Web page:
But that’s where this exercise went off the rails for me. Imagining not just Lizzie but all her sisters as being true warriors somewhat undermines their original characters (would Lydia really be that wild, and Jane that placid, naive and saintly, given their extensive Shaolin training? – although it can’t have been all that much training, for Lydia to be returned to England by the age of fifteen). Their father’s being able to have sent them all away to China for years is also at odds with their lower-gentry means (the entailment problem aside), the key factor driving their desperation to be well married in the original version. Nor does their sojourn in China square with their mother’s continuing infantile emotionalism (either she could never have been prevailed upon to have parted with them, or she would’ve matured in their absence to become a more sensible wife and emotionally detached mother.)

I hate to cavil with the implied math of the situation but it seems to me that Grahame-Smith depicted the zombie hordes as if the plague were newly developed and in an early expansionist/viral phase, instead of being an ongoing phenomenon of two generations’ duration. Why should the hordes be so numerous still, when so many zombies must have already been dealt with? And why do the rains still bring them forth from the cemeteries? It’s not as if England is prone to droughts, let alone decades-long ones. Given the enterprising Brits, you’d think they’d have long since “mined” their graves with water hoses and such to purposely bring forth the zombies under controlled conditions (i.e., under movable iron cages and with lots of zombie hunters waiting for their emergence) in order to defuse the menace. Instead, you have young people everywhere going about their errands and lives unarmed, only to get mauled or bitten by newly emerged “unmentionables”… a huge non-sequitur. On the flip side of “too many zombies,” there’s the problem that there’s, given the attrition rate in the novel, of too many healthy Brits still about, especially if they’re still as silly, feeble-minded, or prone to drunkenness and debauchery as in the original.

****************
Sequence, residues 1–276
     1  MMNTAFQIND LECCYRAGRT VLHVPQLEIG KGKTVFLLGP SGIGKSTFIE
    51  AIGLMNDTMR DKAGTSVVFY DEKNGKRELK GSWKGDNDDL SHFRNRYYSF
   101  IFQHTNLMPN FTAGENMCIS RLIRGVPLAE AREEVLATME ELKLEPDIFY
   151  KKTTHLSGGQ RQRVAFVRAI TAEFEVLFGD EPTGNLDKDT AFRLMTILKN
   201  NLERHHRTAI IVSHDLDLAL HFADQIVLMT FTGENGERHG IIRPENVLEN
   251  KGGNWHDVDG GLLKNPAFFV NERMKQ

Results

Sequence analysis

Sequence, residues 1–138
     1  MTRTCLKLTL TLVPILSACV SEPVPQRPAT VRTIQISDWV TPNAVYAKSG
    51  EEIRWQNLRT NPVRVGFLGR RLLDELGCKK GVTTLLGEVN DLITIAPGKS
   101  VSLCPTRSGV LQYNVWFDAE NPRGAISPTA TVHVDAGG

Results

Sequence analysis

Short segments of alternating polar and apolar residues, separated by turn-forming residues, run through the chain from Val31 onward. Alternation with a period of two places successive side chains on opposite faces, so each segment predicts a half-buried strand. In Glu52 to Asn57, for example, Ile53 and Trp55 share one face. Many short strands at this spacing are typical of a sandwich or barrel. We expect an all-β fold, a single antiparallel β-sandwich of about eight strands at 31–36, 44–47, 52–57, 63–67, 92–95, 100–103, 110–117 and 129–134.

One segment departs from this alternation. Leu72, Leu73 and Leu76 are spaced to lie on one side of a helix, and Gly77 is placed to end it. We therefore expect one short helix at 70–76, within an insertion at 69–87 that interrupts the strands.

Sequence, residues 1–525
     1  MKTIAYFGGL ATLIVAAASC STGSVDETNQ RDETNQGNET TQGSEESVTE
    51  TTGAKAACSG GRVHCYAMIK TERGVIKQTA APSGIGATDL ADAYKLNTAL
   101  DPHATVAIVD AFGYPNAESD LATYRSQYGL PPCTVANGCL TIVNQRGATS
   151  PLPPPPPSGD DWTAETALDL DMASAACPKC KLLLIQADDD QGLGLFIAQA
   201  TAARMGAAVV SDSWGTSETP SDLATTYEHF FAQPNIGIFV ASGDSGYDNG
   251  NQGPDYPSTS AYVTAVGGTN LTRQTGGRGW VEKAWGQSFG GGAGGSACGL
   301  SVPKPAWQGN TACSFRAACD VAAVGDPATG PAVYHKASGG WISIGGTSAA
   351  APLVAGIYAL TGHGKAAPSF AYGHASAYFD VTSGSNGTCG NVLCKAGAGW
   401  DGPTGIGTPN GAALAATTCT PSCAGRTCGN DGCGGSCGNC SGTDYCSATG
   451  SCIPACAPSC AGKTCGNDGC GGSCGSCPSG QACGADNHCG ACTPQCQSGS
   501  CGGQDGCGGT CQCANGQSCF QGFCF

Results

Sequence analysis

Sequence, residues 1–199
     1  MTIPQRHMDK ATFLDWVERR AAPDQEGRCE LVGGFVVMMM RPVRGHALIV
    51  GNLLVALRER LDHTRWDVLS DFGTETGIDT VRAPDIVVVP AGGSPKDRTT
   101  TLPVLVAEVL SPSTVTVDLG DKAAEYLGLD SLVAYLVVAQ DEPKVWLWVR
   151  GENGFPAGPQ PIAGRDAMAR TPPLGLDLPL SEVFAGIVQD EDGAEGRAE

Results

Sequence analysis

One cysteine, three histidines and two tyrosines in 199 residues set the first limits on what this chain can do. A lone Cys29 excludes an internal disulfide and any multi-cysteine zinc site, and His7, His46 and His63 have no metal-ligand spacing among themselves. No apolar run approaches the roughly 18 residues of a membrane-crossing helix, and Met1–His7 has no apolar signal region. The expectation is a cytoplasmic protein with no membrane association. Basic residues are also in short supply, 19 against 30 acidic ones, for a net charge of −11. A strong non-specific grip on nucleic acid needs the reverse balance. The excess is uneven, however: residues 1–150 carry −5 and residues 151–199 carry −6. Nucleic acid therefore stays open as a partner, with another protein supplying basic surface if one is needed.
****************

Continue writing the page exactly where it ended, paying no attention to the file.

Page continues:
Then there’s the subplot involving poor Charlotte Lucas. Mr. Collins is supposed to be a fulsome, unctuous fathead, not blind or retarded. Simply not perceiving the most obvious possible signs of infection would be the last thing that anyone, in a population terrified of becoming infected, would ever do.

And sorry, but I’m not buying that Mr. Wickham would ever agree to be crippled from the neck down (leaving him with no options but to enter the ministry at last) by Mr. Darcy as part of his deal. Wickham was an inveterate cad, with seduction and whoring being his greatest pleasures.

But the most egregious bits were where our erstwhile sensible, self-possessed heroine Elizabeth Bennett tore out the ninja’s heart and took a bit triumphant bite out of it (she is also known to drink blood from her non-zack conquests), crab-walked upside-down around a drawing room and, later, punished herself with the “seven cuts” following her refusal of Darcy’s proposal. Really now, that’s no way for an English Regency-era gentleman’s daughter to behave! :wink:

That’s “shambling,” by the way. Or “lurching.” Whichever.

All of the above cavils are valid - but I really was won over by Mr. Bennet’s wild cry for “Girls! Pentagram of death!” in the early ballroom scene. (I’m thinking of adopting it for my very own motto.)